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arrowflipper's picture
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Grand Slam Challenge Winner!
Joined: 01/03/2011
Posts: 579
Welcome to the site

Welcome to the site Bones.  Glad to have you aboard.  I think you'll find that most guys on this site are here to help you. 

You have picked a rifle well.  The dirty-ought-six is as versatile as any rifle out there.  The only thing I might suggest is to use good quality bullets.  There are a lot of them out there, so pick wisely.  I would use something in the 180 grain area and a good quality bullet, like the Nosler Partition or A-Frame. 

As far as binoculars, those may very well be one of the most important items you need to get.  As Critter said, buy the BEST you can afford.  This is an area not to skip on as you'll have those puppies up to your eyes a lot of the time.  $200 is a starting point, but you can spend a lot more.  If not, choose a good starting pair and start saving for better ones. 

Let me suggest a good pack.... Dwight Schuh puts out a unit that has a fanny pack and a day pack, both attached to an external frame.  They can be removed and the pack used to haul meat.  I have carried out several elk on this lightweight frame and couldn't be any happier.  If you can find one, they sell for around a hundred bucks.

Please find shoes that fit well and you can put a lot of miles on.  They can make or break your hunt.

Sounds like you are putting a lot of thought into this new adventure.  Stay tuned to this site and I'm sure some very knowledgeable people will help guide you in the right direction.

Welcome to our world.

 

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Joined: 07/16/2011
Posts: 7
GooseHunter and ArrowFlipper

Thanks for the advise.

I will definately be getting a GPS.  I dont know why I forgot that in my first post!  As good as I am with a map/compass, a GPS is a huge time saver-but think as far as weight goes, I'll pack a map and compass as a backup still.  I will check the book out too.

I've tried a few different boots on, but think I'm gonna hold off on getting them for now.  My size is sold out at the stores I went to, and as I have a little time I'll probably pick them up this next spring and put some miles on them before my trip.

 

SGM
SGM's picture
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Grand Slam Challenge Winner!
Location: Canon City, Colorado
Joined: 08/13/2011
Posts: 1077
Elk Hunting

Bones,

Just saw your post and here is my 2 cents worth hope this helps you in your future hunts. Money can play a big role in gearing up for hunting so expect to send some. Having said that you do not need to go crazy and spend your lives savings. Most of us have collect our gear over the years. Most have learn from trial and error and most have wasted a few bucks on crap we thought we needed. I see you are a prior Marine but I will not hold that against you as I am currently active duty Army playing over in the sand box. I will get home just in time to hunt 3rd season so looking very forward to that. Thanks for your service and good hunting. You can still get left over cow tags and OTC bull tags for this year if you want to get out. Nothing like chasing elk in the high country and no better time than now to start. Even if you can get out for a weekend it will be worth it.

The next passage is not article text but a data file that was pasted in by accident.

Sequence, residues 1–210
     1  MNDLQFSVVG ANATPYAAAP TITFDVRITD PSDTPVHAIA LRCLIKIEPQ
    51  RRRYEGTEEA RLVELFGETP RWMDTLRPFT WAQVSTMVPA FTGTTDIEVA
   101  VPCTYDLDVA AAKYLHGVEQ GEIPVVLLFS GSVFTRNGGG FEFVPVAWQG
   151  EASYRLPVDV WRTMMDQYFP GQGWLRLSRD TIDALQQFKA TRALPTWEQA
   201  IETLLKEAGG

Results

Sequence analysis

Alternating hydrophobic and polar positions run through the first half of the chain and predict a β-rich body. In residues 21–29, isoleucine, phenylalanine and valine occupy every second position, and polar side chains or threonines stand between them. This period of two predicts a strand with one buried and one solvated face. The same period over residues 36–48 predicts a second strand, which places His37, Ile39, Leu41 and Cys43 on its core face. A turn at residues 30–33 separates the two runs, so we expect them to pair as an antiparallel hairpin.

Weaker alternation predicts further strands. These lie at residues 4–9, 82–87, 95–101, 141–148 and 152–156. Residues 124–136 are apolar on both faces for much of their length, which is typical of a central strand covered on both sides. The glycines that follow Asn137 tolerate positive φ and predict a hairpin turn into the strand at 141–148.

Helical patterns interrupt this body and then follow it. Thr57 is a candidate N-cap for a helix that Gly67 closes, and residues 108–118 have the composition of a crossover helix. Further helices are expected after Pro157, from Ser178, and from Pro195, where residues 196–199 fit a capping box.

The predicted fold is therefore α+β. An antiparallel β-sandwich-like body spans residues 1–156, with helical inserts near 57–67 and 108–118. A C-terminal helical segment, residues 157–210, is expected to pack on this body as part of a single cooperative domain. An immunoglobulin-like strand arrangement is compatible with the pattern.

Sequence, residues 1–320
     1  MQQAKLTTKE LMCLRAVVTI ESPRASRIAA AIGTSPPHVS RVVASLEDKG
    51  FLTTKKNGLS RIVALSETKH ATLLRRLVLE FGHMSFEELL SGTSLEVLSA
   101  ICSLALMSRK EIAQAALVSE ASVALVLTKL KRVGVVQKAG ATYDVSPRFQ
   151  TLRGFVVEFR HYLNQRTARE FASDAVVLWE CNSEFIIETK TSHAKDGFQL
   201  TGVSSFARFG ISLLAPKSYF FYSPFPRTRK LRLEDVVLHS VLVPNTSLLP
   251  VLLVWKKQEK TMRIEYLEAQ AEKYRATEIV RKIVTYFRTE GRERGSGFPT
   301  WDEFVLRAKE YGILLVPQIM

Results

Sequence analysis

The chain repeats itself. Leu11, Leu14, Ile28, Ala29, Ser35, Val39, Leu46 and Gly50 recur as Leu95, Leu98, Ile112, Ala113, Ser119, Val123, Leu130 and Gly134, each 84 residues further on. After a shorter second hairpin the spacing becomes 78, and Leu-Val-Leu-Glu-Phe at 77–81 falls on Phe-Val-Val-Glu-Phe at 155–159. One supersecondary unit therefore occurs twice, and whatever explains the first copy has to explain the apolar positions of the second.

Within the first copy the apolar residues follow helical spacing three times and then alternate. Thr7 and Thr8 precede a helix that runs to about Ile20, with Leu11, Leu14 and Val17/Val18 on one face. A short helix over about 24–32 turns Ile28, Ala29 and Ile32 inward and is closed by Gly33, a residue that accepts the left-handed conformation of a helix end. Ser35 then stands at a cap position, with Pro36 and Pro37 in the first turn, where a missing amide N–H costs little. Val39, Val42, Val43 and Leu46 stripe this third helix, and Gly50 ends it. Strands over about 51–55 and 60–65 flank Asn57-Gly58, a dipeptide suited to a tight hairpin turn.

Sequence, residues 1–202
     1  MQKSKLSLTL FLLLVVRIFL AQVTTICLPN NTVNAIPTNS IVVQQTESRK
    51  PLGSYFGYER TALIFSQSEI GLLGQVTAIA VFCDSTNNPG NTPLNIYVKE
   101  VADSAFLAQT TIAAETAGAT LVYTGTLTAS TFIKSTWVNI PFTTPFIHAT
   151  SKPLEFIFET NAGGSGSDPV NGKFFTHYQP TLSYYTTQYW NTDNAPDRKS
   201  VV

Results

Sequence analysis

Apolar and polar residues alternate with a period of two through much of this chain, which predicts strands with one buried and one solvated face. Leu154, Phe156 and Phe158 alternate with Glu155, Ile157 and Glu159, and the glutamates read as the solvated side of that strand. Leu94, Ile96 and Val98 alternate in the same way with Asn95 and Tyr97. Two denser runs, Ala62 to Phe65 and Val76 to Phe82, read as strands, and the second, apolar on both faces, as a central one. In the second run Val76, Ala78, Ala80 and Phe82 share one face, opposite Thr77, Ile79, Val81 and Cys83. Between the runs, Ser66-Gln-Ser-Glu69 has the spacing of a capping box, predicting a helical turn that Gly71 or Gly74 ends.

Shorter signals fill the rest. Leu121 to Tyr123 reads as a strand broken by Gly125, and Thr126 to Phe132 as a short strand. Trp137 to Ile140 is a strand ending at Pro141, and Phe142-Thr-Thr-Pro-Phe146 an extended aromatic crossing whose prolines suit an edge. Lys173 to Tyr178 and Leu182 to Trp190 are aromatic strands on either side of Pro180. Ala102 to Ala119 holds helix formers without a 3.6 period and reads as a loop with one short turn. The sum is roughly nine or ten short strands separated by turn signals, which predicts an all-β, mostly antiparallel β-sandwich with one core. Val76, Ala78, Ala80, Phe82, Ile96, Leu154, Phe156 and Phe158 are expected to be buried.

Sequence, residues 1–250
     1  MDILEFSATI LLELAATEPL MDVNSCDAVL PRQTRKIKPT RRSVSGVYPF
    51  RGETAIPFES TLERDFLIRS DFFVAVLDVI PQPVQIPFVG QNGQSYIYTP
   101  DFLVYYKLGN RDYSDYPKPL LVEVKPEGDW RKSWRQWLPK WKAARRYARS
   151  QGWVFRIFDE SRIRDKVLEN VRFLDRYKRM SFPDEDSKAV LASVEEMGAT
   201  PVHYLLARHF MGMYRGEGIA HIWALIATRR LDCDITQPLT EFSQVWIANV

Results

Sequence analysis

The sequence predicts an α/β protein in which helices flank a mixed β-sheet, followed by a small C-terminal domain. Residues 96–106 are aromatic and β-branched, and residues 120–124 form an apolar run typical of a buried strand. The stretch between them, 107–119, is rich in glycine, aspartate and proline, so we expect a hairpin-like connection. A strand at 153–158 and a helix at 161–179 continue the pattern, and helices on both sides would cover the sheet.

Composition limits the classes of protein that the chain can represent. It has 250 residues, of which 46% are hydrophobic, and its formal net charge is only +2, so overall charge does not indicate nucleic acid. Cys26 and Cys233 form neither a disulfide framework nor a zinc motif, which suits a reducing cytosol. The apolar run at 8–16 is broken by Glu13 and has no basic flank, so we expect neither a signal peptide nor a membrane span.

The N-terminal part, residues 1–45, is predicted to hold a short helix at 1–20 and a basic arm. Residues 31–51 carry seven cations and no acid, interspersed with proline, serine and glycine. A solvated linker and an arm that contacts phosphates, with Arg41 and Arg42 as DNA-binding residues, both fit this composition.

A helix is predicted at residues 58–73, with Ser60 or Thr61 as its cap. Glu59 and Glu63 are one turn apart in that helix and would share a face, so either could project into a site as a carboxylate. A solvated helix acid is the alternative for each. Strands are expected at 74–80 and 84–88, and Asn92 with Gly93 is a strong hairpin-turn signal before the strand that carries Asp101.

Your rifle will not be an issue. A 30-06 and your scope will be fine. Anything in .308 or larger is a good elk/deer gun. Remember it is a tool and you need to practice/train as you fight. Sighting in at the range is great but if you can get out and shoot like in the field it is even better.

Boots are one of the most important elk hunting pieces of equipment you can have. Get a good quality and comfortable boot. I like Irish Setters but there are several great brands out there. Get a boot that has good ankle support and will keep your feet warm but not so hot they sweat. You have to be the judge on this as you know your body and feet. Some like 400 grams some like 1000 grams. If you plan to do allot of walking I would go with 400-600. If you plan to sit more than 800-1000 might be a better choice. Boots need to be as water proof but as breathable as possible. Your old combat boots are great at camp but for the most part suck in the field. Also I never wear my hunting boots while in camp. Take them off, let them dry, air them out and wear another pair or whatever you like in camp.